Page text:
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Integrated, efficient support is vital to delivering future services.
The new round of planning for sustainability and transformation partnerships must allow more collaboration.
Two stories have dominated the headlines over the past couple of months. Brexit, of course, and the fate of the high street.
Matt Hancock’s vision that prevention is key to longer, healthier lives is welcome. Councils have been saying this for years.
This week’s local government finance settlement is the last one determined by the 2015 spending review.
Local government will want to send out a warm welcome to a new report on planning in England.
The traditional model of delivering public services is based on assumptions and processes from the turn of the century.
Of all the factors that went into the Brexit vote, one was most clear: the appeal to ‘take back control’.
The strategy due out later this year must take its focus and approach from local government’s cue.
With determination and hard work, many good ideas come to fruition. But often they don’t.
In the rolling debate about how best to distribute power in the British state, we should turn our attention to the systemic problems of the centre.
Politics in this country is often seen as a two horse race, or perhaps three. But locally things are different.
In English local government we often look overseas to compare our positions to those of our peers.
British local government has become global news. The impact of eight years of austerity on councils in Britain has made them interesting to foreign correspondents based in the UK.
Oldham’s vision, like that of many other places, is for people and communities to have the power to be healthy, happy and make good choices.
If you want to transform the system, you need to talk to the whole of it.
No one should retire with their life expectancy shortened, their physical and emotional health impaired or their relationships damaged.
The way we protect and empower the people around us is part of what makes us human.
The last few years have seen the deliberate, systematic destruction of local government.
The current tension in France shows what can happen when it stops turning.
The Budget promised local government little. The previously-made commitment to uncap the housing revenue account was confirmed, but otherwise councils were given few signs that, for them, austerity is about to end.
Having will and leadership locally is critical to ensuring the most disadvantaged women are not left to cope on their own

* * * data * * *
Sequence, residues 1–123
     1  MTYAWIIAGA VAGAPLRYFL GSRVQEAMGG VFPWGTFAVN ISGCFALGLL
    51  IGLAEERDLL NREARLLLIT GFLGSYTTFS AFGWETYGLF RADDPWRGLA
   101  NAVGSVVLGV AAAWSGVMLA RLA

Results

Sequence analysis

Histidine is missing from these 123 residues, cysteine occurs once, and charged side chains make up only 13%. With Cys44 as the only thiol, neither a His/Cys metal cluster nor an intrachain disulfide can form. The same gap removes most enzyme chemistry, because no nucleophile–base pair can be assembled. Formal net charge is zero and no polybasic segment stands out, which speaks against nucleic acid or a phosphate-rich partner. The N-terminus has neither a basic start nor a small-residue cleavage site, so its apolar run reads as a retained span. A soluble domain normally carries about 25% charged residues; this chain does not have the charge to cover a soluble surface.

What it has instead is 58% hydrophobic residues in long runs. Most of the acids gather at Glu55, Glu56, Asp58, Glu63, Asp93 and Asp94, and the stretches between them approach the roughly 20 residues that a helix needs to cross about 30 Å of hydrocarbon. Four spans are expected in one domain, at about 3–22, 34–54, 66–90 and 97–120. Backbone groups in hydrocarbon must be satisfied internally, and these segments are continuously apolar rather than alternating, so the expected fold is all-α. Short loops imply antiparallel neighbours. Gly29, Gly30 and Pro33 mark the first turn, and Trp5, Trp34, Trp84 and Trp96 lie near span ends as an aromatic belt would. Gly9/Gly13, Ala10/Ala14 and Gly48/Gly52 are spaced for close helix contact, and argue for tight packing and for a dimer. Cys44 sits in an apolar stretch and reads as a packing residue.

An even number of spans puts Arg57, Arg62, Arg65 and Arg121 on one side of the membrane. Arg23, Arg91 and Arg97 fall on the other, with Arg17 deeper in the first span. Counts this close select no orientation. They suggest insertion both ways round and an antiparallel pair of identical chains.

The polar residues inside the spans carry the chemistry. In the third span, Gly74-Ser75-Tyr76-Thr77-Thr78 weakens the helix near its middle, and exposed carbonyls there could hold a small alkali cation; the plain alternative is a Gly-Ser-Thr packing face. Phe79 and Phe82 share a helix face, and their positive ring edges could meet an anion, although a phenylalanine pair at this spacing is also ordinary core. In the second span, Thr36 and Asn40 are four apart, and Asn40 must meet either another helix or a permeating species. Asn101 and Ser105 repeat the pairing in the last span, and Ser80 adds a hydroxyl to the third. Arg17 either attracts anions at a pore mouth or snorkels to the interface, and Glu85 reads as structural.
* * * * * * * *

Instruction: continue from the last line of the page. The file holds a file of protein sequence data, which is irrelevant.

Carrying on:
The chancellor seems not to understand there is simply not enough cash to sustain the expectations of public services
In the coming days and weeks, people will recognise that the prime minister’s promise has been broken.
Torture the data and it will confess to anything – or so said British economist Ronald Coase.
Integrating health and social care and further emphasising prevention and early help is a huge challenge – but one with enormous potential rewards.
For a sustainable solution ministers must recognise and act on two problems
Health bodies must rethink if if they want to keep local government on board
In our major cities, in our county towns, quiet villages and remote hamlets, the life chances of our young people are being shaped and affected by the unique characteristics of the places and environments which they inhabit.
As with all things, the chancellor’s budget policies aimed at helping high streets are good in parts, and less sure in others
The chancellor was clearly feeling the hand of history on his shoulder. A new chapter and a turning point were declared as Phillip Hammond informed the house that austerity was now ending just like the prime minister said it would.
The big Budget announcements for local government may have already been made.
Catastrophic disasters have multiple causes
Tees Valley mayor on why more places should explore the opportunities presented by free trade zones in the post-Brexit era
Tenacity, talented colleagues and storytelling can overcome tricky problems
Next week’s Budget is widely seen as of great importance for the country as it faces Brexit and on-going economic difficulties.
Cutbacks on communications end up costing the council more overall, with half the effectiveness
We need a long-term solution, but we must also see an adequate response to the challenges of the day
In an essay Bradford City MDC chief executive explains how her area is shifting from ‘benevolent paternalism’ to working with and alongside communities.
The economic success of the city must be felt by our wider population and not just by the majority
The notion that towns struggle because cities have done well is misplaced